For the most part, executions these days pass with scarcely a murmur. By last week, 612 people had been put to death in the United States since capital punishment was brought back 24 years ago — 206 of them in Texas alone. Aside from Goss and Beets, three other inmates are set to die this week, one in Ohio and two in Florida (where Bush’s kid brother, Jeb, another unblinking advocate of the ultimate punishment, is governor).
Now, for the first time in a generation, there are signs of a shift in the public mood. The biggest came on Jan. 31, when the governor of Illinois, an old-guard Republican named George Ryan, halted all executions in his state. Illinois, he admitted, has a “shameful record of convicting innocent people and putting them on death row.” Since 1976, the state has executed 12 men. Over the same period, 13 condemned men were exonerated. Three were freed after journalism students dug up evidence that someone else had committed the crime. In other cases, the Chicago Tribune documented gross legal lapses. “I cannot support a system,” Ryan concluded, “which has proven so fraught with error.”
Other signs of change: 12 of the 38 states with capital punishment have bills pending to stop executions. Nebraska’s legislature ordered a moratorium, though its governor vetoed it. A new bill before Congress would make it easier to use DNA evidence to challenge capital convictions. The Catholic church is urging reform (Missouri’s governor commuted one death sentence after an appeal from the Pope). Movies like The Hurricane dramatize the frailty of the system, while The West Wing, the hit TV series set in the White House, movingly shows a president played by Martin Sheen praying for forgiveness after letting an execution go ahead because he doesn’t dare to defy public opinion.
In fact, a solid majority of Americans still backs execution, and most politicians find it wisest to go along. Even the candidate formerly known as Hillary Rodham Clinton (like Madonna and Cher, she’s just “Hillary” now that she’s been re-branded for her New York Senate run) advertises herself as tough on crime by backing capital punishment. But it’s no longer the kiss of death to express doubts. While violent crime was exploding in the 1970s and ’80s, American voters demanded punishment above all. Now that crime is way down, there’s new room to question the effectiveness — and the justice — of executions.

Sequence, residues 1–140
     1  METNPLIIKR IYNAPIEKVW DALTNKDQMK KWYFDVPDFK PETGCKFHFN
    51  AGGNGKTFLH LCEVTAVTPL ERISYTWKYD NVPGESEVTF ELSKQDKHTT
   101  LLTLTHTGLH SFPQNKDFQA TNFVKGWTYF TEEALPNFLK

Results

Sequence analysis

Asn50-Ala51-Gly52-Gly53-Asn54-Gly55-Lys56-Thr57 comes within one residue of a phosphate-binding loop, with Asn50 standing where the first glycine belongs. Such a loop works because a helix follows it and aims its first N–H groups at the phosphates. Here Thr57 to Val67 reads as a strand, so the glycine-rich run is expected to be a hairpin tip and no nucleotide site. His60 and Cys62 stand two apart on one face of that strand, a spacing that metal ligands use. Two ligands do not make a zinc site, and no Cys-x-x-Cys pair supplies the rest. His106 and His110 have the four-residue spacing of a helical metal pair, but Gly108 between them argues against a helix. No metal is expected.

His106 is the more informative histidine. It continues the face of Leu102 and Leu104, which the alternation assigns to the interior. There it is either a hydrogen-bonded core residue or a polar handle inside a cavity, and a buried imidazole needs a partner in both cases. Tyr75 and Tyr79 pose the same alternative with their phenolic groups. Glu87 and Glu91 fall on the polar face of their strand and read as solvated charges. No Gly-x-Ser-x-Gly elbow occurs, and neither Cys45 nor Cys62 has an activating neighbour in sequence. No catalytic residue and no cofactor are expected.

Not, however, in the Texas of George W. Bush. Not only has he overseen more executions than any other governor in modern times, but he shows no concern about the glaring flaws in his own system. One example: Texas has no statewide system of public defenders. It’s up to local (elected) judges to appoint lawyers for poor defendants, and they have a record of selecting poorly qualified cronies. Texas courts have upheld capital convictions even though lawyers literally napped through the trial. In one notorious case, a trial judge opined that “the Constitution doesn’t say the lawyer has to be awake.” The Texas legislature voted for a public defenders’ system, but Bush vetoed the bill.
There’s more. Bush opposed a law to ban executions of the mentally handicapped. He recently presided over the executions of one man who had to be transported from an intensive-care ward directly to the death house after attempting suicide, and another who was just 17 when he committed his crime. And his system for reviewing last-minute clemency appeals is so perfunctory that it often takes just 15 minutes to dispose of a case.
Bush is often asked, as he campaigns for the Republican presidential nomination, whether he has any doubts about the system. His consistent reply is that everyone — everyone — executed while he’s been governor was guilty as charged. You don’t have to be a bleeding heart to wonder how that can be true, given the litany of errors uncovered in a state like Illinois. But this week — and for many weeks to come — it will be business as usual at the Texas death house.